Page:The Kiss and its History.djvu/29

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Hæc dulcis in amore
Est et plena decore,
Rosa rubet rubore,
Et lilium convallium
Tota vincit odore,

sang the wandering clerks in the Middle Ages, the jolly Goliards, and they extolled the youth who was lucky enough to kiss the mouth of such a woman:

Felix est qui osculis mellifluis
Ipsius potitur.

And, they went on to say, "on every maiden's lips the kiss sits like a rose which only longs to be plucked":

Sedit in ore
Rosa cum pudore.

The old German minnesingers use the expression Küssblümlein (kiss-floweret), and a bard of the Netherlands sings: "My beloved is my summer, my beloved is my joy, all the roses bloom every time she gives me a kiss":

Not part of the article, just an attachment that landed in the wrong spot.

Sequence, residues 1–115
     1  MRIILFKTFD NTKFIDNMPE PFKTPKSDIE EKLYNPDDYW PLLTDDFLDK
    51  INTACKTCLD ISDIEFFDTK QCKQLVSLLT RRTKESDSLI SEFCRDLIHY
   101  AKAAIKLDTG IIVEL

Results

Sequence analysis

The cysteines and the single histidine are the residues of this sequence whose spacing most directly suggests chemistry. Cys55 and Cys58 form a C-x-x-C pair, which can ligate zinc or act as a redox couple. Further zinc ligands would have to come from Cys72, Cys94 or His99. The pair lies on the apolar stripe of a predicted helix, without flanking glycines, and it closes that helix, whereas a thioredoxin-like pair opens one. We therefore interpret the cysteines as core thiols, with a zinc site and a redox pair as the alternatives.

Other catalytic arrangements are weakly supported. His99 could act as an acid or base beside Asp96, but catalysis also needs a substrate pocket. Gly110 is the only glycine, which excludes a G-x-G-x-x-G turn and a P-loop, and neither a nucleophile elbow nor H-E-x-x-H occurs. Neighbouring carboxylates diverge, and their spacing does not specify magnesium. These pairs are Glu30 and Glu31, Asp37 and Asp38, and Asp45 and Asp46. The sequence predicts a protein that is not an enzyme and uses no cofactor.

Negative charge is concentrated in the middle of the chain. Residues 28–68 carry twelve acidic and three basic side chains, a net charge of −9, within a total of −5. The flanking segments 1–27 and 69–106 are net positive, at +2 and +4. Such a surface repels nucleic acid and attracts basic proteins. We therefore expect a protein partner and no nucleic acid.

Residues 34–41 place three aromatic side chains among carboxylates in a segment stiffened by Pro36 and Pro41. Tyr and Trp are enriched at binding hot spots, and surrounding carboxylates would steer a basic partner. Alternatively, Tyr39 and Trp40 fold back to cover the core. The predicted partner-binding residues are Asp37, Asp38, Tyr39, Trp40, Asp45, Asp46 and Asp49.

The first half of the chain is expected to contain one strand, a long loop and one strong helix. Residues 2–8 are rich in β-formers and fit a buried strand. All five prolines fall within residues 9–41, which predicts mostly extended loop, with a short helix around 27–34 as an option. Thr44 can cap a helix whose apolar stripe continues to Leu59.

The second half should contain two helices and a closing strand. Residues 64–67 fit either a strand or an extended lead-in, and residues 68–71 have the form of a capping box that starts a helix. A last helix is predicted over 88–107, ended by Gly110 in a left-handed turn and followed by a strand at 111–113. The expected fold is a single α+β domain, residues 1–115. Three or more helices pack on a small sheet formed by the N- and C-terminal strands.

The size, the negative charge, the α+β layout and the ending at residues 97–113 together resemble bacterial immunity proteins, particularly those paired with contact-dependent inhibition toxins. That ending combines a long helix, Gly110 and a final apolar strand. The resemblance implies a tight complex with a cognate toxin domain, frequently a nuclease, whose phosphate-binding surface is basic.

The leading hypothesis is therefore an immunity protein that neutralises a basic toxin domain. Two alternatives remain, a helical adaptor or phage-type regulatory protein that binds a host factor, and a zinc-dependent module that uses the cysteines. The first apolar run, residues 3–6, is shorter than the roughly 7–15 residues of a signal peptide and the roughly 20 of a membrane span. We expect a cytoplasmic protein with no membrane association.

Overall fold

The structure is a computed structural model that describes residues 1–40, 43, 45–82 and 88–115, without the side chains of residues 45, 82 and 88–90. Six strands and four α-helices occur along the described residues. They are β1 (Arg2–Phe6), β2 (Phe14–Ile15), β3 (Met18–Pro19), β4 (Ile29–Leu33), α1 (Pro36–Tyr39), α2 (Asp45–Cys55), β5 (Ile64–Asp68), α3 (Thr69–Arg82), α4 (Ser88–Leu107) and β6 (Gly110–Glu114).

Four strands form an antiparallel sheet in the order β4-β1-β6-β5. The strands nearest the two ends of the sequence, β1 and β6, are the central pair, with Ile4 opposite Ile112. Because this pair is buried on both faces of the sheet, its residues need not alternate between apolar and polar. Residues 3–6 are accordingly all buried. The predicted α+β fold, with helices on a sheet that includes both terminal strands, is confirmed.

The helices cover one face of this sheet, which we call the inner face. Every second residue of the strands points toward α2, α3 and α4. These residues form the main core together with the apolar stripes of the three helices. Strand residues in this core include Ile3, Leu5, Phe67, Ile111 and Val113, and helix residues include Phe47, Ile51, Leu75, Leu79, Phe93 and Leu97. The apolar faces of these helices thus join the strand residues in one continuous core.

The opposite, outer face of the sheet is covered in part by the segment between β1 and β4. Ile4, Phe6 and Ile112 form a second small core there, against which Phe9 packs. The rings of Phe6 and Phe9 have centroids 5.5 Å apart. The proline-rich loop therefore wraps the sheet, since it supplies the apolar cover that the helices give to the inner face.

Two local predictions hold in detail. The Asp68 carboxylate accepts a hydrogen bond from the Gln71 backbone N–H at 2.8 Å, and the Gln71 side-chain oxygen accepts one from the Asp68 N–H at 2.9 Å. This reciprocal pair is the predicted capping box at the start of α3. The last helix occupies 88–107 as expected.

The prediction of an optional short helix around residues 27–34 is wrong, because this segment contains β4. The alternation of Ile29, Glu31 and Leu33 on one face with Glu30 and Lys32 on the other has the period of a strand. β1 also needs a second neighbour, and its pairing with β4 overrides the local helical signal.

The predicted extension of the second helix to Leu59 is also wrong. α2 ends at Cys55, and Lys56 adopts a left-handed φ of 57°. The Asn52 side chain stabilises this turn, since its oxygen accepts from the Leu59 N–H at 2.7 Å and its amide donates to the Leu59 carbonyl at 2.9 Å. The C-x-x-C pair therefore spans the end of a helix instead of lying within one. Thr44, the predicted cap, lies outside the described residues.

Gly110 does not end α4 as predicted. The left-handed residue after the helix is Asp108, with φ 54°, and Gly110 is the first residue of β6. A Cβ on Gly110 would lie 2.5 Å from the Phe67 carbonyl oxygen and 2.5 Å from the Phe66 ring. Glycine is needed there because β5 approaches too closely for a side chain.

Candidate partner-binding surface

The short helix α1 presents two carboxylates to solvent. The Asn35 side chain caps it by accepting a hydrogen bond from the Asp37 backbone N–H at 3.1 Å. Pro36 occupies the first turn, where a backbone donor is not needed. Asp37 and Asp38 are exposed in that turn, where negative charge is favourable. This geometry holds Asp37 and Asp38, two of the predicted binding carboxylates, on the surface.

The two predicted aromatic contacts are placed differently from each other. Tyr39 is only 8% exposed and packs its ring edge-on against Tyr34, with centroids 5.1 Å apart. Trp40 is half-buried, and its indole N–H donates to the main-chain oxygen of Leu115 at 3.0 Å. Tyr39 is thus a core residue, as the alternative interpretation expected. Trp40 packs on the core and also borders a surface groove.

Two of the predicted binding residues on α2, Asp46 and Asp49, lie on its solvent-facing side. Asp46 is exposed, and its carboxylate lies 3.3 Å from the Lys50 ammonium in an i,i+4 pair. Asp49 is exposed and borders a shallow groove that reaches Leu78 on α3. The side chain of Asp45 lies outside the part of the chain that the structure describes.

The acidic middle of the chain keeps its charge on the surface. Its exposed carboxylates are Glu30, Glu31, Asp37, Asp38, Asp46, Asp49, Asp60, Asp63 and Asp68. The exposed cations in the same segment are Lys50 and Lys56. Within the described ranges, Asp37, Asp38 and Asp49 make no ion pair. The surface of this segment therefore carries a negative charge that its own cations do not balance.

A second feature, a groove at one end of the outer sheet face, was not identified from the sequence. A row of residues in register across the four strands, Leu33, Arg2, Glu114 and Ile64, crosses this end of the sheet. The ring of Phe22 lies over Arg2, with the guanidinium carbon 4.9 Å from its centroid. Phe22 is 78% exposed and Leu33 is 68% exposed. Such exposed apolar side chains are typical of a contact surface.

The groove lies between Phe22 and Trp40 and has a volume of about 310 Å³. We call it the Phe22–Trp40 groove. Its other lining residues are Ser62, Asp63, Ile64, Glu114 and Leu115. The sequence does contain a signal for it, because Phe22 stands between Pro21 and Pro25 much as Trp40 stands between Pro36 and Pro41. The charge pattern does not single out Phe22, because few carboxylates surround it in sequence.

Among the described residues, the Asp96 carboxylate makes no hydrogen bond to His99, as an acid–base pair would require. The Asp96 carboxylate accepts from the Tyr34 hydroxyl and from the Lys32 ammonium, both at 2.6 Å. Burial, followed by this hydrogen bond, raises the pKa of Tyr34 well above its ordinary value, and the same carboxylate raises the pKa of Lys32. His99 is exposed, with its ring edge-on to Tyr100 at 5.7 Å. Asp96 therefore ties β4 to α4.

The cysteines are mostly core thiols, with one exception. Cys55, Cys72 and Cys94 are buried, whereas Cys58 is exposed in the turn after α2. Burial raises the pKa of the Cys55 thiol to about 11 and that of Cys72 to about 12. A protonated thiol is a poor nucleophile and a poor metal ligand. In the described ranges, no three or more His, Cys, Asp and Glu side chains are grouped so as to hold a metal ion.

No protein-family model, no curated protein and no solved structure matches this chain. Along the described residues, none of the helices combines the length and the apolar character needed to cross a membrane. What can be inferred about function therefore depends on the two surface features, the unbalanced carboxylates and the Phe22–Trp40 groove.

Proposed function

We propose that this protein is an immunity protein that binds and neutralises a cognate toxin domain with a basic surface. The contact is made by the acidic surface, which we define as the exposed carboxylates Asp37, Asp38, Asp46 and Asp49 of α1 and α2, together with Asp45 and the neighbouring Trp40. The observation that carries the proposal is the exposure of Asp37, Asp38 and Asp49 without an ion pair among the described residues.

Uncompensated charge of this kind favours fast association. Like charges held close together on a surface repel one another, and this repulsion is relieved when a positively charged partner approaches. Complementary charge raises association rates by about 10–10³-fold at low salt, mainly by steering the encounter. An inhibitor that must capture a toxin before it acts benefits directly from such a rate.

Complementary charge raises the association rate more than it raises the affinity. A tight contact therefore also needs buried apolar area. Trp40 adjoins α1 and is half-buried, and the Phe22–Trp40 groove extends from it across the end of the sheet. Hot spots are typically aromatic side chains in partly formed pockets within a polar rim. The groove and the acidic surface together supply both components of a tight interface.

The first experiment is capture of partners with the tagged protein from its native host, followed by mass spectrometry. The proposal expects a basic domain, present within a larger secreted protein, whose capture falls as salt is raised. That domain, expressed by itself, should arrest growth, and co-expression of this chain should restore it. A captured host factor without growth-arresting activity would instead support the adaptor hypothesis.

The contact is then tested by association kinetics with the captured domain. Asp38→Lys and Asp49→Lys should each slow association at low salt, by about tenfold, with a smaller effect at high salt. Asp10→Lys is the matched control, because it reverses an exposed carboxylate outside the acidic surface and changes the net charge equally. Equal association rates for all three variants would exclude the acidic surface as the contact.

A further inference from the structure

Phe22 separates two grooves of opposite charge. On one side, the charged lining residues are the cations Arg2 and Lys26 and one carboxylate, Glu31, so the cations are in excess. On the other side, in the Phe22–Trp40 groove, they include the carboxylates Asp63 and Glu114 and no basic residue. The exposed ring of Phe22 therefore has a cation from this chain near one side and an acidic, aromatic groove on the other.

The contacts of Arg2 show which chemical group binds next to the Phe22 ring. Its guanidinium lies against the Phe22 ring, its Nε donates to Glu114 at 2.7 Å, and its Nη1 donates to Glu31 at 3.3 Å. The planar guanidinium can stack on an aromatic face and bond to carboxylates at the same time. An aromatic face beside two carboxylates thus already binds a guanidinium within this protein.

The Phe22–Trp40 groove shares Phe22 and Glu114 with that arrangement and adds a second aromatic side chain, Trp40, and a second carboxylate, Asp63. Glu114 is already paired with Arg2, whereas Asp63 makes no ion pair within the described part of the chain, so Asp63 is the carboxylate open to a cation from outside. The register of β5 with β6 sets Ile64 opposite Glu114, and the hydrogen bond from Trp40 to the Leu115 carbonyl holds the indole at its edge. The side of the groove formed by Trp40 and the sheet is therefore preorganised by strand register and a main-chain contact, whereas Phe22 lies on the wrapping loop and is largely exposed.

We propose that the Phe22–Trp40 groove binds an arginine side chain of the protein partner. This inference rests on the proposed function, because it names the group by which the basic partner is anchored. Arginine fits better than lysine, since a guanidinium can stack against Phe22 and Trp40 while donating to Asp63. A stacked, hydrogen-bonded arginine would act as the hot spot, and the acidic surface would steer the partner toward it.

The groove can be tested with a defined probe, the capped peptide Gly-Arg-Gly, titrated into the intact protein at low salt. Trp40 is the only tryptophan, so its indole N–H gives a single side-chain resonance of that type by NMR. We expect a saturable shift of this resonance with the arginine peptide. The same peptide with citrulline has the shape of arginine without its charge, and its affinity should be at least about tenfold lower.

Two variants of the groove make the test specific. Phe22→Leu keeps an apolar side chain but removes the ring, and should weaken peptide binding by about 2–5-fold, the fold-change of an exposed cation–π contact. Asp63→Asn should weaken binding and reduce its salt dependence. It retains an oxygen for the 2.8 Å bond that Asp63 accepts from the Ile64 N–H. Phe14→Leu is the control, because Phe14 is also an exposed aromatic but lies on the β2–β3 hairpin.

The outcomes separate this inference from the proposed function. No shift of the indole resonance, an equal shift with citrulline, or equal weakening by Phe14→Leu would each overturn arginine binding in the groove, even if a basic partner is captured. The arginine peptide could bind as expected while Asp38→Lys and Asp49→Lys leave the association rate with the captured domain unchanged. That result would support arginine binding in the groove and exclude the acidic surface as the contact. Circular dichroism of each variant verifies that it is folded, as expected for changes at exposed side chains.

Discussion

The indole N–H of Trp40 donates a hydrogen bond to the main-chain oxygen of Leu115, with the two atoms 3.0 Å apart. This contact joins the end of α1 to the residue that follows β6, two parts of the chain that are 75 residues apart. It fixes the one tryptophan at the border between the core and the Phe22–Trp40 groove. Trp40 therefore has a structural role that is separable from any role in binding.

Mijn liefken is mijn somer,
Min liefken is mijn lust,
En al de rosen bloejen
So dicmael si mi cust.

But all this is only poetry, merely feeble imageries which only give an entirely weak